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Wednesday, January 7, 2015

Smoking ban debate heats up in City Hall

Posted By on Wed, Jan 7, 2015 at 6:15 PM

click to enlarge New Orleans City Council chambers filled with supporters and opponents of an ordinance that could ban smoking in most public places, including bars and casinos. - ALEX WOODWARD
  • ALEX WOODWARD
  • New Orleans City Council chambers filled with supporters and opponents of an ordinance that could ban smoking in most public places, including bars and casinos.

New Orleans could be one step closer to banning smoking in most public places. A proposed ban — including prohibiting smoking in bars and casinos — had its first public debate today in New Orleans City Council chambers, where supporters and opponents packed the council's community development committee meeting. Following three hours of discussion, debate and heated argument, the committee approved a long list of changes to the original draft by a 3-2 vote.

District B Councilwoman LaToya Cantrell first announced plans to introduce the measure last summer, and in November, she unveiled a 25-page ordinance banning all tobacco products (including electronic cigarettes) from public areas and prohibiting smoking within 25 feet of a business. Today's amendments, however, exempt cigar bars and hookah lounges, allow smoking in approved bar patio areas, and change the 25-feet rule to 5 feet.

Supporters hail the ordinance as a much-needed public health measure that will prevent secondhand smoke and improve quality of life for employees (including musicians) in smoke-filled workplaces. Opponents, however, fear a disastrous economic impact that could hit employees — whether in small bars with a few bartenders or massive employment machines like Harrah's Casino — and trickle down to the local economy.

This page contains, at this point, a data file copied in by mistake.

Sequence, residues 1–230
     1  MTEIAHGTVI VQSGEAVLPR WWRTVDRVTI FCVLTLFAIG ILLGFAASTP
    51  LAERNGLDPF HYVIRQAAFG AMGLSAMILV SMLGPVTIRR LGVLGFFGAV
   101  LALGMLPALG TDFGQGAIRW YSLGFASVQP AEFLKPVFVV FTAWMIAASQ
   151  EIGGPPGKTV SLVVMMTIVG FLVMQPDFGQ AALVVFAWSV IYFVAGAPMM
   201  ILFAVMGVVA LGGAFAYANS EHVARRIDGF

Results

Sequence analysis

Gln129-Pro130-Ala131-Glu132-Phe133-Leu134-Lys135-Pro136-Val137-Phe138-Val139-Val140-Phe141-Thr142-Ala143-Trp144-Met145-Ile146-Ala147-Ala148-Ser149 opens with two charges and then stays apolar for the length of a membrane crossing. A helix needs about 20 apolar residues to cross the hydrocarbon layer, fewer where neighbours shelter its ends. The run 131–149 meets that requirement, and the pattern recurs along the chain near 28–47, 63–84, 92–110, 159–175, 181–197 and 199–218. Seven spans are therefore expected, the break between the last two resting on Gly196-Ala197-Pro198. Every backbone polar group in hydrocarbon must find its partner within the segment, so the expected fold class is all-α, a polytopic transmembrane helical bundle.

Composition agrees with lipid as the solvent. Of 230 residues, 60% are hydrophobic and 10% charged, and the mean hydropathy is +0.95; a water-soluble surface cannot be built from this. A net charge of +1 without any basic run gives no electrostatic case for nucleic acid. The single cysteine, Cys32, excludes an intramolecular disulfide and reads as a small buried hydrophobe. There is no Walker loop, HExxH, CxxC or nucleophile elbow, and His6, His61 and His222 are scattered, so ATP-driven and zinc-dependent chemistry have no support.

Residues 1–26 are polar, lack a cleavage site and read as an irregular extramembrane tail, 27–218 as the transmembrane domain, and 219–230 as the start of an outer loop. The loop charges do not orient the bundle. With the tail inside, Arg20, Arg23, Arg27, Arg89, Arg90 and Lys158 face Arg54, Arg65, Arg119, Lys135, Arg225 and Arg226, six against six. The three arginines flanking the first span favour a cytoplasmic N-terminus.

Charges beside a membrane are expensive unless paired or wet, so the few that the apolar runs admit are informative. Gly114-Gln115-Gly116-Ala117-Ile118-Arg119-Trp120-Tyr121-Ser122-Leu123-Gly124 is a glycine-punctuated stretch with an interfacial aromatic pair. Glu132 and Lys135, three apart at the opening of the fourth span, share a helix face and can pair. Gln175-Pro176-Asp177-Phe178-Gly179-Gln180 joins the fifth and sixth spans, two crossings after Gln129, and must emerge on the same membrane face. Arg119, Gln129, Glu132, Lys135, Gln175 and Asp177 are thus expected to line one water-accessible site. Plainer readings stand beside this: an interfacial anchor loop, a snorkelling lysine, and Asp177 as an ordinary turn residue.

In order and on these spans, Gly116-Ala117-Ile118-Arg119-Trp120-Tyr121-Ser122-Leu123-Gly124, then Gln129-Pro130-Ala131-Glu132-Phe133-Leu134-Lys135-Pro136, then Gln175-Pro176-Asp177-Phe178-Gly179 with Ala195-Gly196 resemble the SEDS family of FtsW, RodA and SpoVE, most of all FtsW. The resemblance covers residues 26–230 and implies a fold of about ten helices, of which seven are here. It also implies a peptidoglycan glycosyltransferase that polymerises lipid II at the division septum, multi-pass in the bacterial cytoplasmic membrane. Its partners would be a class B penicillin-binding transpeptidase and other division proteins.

Swirling around the arguments for and against a smoking ban are a few key questions council members must now face: will smokers' economic impact prevail, and how does that weigh against nonsmokers' rights to a smoke-free environment? And will electronic cigarettes be determined safe enough to survive a ban?

Others, like smoker Elizabeth Stella, say the ordinance goes against the attitude New Orleans embraces.

"It’s not New York, it’s not Seattle, it’s a party town," she said. "A bar is not a health spa and alcohol is not a spa drink."

Debate among bar owners, musicians, health advocates and e-cig vendors and smokers ignited a three-hour meeting, with a crowd spilling outside council chambers and several people shouting for a chance to speak when time for public comment ran out. Musicians, including Deacon John Moore, Irvin Mayfield, Paul Sanchez and Bonerama's Craig Klein, voiced their support for the ordinance.

"My primary concern is the health of those people who are the backbone," said Moore, whose voice broke as he read a statement to the committee. "I'm tired of witnessing beloved artists dying from the effects of second hand smoke. ... Many are the standard bearers for the indigenous culture we love so dearly."

Sanchez, whose mother and wife are cancer survivors, said musicians often "take what gigs they can get to pay the rent," which doesn't allow them to turn away offers in smoky venues. "We can join the future or cling to the past a little bit longer and see where that takes us," he said.

Ronald Markham, president of the New Orleans Jazz Orchestra, said he is "going to support any laws that embrace my musicians and protect who they are and what they do."

A group of health advocates — including the Louisiana Public Health Institute (LPHI) and the SmokeFree New Orleans Coalition, which includes the American Cancer Society, the American Lung Association, American Heart Association, Americans for Nonsmokers’ Rights and Campaign for Tobacco Free Kids, the Louisiana Cultural Economy Foundation and other groups — has led the campaign supporting the ordinance.

"We have to provide healthy work environment," said Tonia Moore with the Louisiana Campaign for Tobacco Free Living. "There is no reason industries should decide the fate of (workers' ) health. We have to protect the workforce."